The article this week is a puzzle that comes from the NSA! For the last couple of years, the NSA web site has hosted a monthly puzzle. This puzzle was originally published in September 2015. They republished it again earlier this year. |

Lucy decides to play a game with her two colleagues. She has twelve boxes and two Easter Eggs. She, randomly, places the two Eggs (one per box) into the cartons, then seals all the cartons up. She then arranges the boxes into a rectangular pattern of four by three. The layout is show below. (I’ve labelled the boxes so we can describe the system). |

Bob and Charlie hunt for eggs by opening boxes. They select a box, open it, and look inside for an egg. They stop when they find their |

Both Bob and Charlie both apply a methodical search strategy. Both start at the top left corner. Bob’s strategy is to move horizontally through all the boxes in a row, then advance to the next row, then onto the next row if needed; stopping when his first egg is encountered (A→B→C→D→E→F…) |

The hunt is then reset to the original state, and Charlie gets to hunt. Charlie also starts in the top left, but searches vertically down the column of boxes, advancing along on as necessary (A→E→I→B→F…) |

For example, suppose Lucy hides the Easter eggs in cartons H and K.

Bob will stop after reaching the egg in carton H and will score 8, whilst Charlie will stop after reaching the egg in carton K and will score 9. Bob wins in this case. The subtle issues here are that there are two eggs, not one, and that the layout of the boxes is not square.

The question is, who has the better strategy?

Is Bob more likely to find an egg first? Is Charlie? Or are both strategies equally as likely to win?

*Who has the better strategy?*

There are many ways to solve this, both theoretically and practically. I’ll look at two theoretical ways. (A practical way would be to simulate the system; randomly placing the two eggs, and then testing out each strategy many times, keeping track of who wins. You could do this manually, or get a computer to perform it millions of times. If you had a fair random number generator, you could come up with the answer. This way of coming with an answer is called a Monte-Carlo simulation).

There are only _{12}*C*_{2} (12 choose 2) ways the eggs could be hidden in the boxes. This is just 66 possible combinations. We could write code to iterate through each of these configurations and count the number of times each person wins, and also when the game ends in a tie.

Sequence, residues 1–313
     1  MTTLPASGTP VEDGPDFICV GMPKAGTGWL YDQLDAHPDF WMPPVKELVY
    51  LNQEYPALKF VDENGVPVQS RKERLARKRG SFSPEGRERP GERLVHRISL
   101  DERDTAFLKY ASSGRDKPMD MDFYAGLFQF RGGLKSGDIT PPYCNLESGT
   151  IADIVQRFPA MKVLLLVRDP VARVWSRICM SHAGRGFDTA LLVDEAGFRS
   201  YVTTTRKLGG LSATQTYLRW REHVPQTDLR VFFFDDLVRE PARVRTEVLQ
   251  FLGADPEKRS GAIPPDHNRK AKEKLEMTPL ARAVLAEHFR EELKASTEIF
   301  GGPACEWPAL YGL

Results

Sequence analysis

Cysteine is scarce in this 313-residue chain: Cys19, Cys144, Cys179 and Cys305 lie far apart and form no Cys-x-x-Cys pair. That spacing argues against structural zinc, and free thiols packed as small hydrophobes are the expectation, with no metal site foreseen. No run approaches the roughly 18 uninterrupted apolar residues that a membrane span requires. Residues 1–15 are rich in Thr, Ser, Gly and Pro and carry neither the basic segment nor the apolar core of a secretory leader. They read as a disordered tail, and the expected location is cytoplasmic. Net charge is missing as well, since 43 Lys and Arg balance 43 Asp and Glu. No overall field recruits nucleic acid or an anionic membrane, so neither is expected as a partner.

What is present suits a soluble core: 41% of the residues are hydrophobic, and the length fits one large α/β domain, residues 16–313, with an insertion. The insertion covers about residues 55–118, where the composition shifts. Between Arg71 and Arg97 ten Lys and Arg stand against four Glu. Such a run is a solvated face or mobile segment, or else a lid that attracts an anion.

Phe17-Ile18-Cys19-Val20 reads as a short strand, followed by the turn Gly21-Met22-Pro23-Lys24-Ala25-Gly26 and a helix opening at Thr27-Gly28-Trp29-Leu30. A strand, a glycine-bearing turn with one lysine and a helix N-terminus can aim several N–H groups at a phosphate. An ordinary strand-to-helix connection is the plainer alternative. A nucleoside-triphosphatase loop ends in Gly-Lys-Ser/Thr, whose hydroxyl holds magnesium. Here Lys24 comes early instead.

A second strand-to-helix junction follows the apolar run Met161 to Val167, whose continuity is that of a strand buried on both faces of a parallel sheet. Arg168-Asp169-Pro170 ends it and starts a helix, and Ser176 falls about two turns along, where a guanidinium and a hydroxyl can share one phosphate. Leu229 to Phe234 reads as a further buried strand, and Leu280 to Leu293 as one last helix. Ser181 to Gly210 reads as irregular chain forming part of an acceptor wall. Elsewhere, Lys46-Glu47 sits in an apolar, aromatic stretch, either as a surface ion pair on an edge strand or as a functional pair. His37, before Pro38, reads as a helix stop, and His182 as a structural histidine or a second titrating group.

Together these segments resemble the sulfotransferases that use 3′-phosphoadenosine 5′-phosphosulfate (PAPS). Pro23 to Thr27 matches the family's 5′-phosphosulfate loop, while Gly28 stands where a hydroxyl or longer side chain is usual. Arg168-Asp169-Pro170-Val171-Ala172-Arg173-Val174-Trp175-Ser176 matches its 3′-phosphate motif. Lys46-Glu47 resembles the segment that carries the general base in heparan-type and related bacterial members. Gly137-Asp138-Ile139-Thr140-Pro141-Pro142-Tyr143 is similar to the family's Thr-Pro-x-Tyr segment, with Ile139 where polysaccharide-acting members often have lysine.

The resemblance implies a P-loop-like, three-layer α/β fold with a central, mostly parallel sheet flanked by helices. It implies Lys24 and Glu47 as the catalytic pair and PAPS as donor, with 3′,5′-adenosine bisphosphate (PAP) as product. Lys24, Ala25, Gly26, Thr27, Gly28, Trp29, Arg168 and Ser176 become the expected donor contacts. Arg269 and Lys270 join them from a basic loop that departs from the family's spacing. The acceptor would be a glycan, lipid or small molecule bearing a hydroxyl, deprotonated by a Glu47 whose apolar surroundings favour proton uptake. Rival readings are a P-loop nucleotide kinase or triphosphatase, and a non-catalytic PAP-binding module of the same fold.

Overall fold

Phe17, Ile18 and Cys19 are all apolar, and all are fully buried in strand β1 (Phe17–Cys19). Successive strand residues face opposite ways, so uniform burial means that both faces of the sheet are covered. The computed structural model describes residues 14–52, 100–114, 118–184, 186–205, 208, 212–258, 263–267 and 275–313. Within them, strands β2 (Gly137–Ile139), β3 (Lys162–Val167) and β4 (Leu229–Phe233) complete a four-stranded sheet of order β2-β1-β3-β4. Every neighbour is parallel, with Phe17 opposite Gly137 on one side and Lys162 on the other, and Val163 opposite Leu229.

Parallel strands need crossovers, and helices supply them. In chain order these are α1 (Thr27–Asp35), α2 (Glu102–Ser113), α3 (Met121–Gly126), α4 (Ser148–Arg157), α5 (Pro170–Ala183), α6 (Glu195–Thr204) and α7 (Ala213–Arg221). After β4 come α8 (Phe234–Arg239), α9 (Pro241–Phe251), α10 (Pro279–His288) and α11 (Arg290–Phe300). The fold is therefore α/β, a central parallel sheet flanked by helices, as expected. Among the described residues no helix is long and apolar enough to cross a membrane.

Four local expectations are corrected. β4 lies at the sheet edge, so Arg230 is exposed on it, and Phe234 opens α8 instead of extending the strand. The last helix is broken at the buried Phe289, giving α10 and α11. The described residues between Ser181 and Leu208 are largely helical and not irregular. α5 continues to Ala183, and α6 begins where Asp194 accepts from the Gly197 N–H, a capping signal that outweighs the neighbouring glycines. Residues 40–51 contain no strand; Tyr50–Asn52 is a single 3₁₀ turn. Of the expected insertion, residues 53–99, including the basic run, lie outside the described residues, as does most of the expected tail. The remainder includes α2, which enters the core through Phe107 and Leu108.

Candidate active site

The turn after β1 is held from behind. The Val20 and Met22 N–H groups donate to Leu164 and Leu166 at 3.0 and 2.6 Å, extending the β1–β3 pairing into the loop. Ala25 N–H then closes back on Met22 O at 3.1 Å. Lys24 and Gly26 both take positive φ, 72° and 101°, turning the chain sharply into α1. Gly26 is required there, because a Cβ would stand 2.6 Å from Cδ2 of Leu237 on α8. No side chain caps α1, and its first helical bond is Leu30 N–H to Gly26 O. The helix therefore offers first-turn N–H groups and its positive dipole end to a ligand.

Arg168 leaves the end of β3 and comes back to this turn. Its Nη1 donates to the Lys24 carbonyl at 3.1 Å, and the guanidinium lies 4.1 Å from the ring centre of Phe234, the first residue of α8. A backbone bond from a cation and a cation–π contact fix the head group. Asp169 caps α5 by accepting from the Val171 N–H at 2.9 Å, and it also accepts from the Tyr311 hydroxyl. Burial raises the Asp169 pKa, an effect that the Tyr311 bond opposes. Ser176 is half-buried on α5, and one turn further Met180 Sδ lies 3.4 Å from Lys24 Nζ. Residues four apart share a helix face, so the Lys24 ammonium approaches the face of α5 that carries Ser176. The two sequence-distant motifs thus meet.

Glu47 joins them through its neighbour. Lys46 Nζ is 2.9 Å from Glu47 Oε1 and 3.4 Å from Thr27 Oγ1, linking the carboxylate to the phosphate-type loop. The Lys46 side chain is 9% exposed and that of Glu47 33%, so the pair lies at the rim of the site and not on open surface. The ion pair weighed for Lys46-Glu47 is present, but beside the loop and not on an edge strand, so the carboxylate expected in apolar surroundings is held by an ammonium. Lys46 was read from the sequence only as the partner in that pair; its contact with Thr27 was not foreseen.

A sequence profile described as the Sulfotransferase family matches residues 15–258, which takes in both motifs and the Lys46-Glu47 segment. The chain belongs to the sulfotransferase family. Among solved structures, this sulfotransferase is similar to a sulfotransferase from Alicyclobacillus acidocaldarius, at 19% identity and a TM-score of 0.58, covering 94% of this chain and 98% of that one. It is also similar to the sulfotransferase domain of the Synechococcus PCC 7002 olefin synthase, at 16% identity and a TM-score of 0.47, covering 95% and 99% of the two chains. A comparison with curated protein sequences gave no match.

I did this, and here are the results. Bob wins in 29/66 of the configurations. Charlie wins in 28/66 configurations, and it’s a tie in 13/66 of the configurations. We can see from this that Bob is slightly more likely to win.

*Bob has a slight advantage!*

We can understand more about why Bob has the advantage by logically analyzing the system.

To the left is a matrix showing which of the players gets to that box first. It shows, if an egg were to be be placed in that box, who would have gotten there first. |

If an egg were placed in A (the first box), or L (the last box), it's a tie.

If any egg were placed in A, it would be the first egg encountered, and by definition, this is a tie.

If any egg were placed in L, then the other egg would have to have been encountered before this, and examination of the matrix shows that five of the cartons are an advantage to Bob, and five are an advantage to Charlie (plus one automatic tie), so it's a wash with advantage to neither player.

The above situations covers the cases where one (or both) of the eggs were placed in a box that results in tie. There are more cases to consider.

If Lucy placed both eggs in cartons that were advantageous to Bob, this would guarantee a win for Bob. Similarly, if she placed both eggs in cartons that were advantageous to Charlie, he would definetly win. As above, however, since there are an equal number of boxes that are advantageous to each player, again this is a wash. No player has an advantage in this scenario.

The final case to consider is the case that Lucy places one egg in a box that is advantageous to Bob and one that is advantageous to Charlie. In these mixed parity placings we need to consider which egg would be enecountered *first* to secure the victory.

To do this we need to know, not just who would win an egg in that box, but also the score (number of moves) obtained if that egg was found first. The matrix on the left shows the score that would be obtained by each player if that egg was the winning egg. |

Bob wins if the carton he has advantage with has a lower number than carton that Chalie has an advantage with. Here are the situations where Bob wins:

Box B[2]

*and*( Box I[3]*or*Box F[5]*or*Box J[6]*or*Box K[9] )Box C[3]

*and*( Box F[5]*or*Box J[6]*or*Box K[9] )Box D[4]

*and*( Box F[5]*or*Box J[6]*or*Box K[9] )Box G[7]

*and*Box K[9]Box H[8]

*and*Box K[9]

Charlie wins if the carton he has advantage with has a lower number than the carton that Bob has an advantage with. Here are those cases:

Box E[2]

*and*( Box C[3]*or*Box D[4]*or*Box G[7]*or*Box H[8] )Box I[3]

*and*( Box D[4]*or*Box G[7]*or*Box H[8] )Box F[5]

*and*( Box G[7]*or*Box H[8] )Box J[6]

*and*( Box G[7]*or*Box H[8] )

Since this yields 12 cases in Bob's favor and only 11 cases in Charlie's favor, Bob has the advantage.

This confirms the result we obtained by brute forcing all permutations.

*Bob has a slight advantage!*

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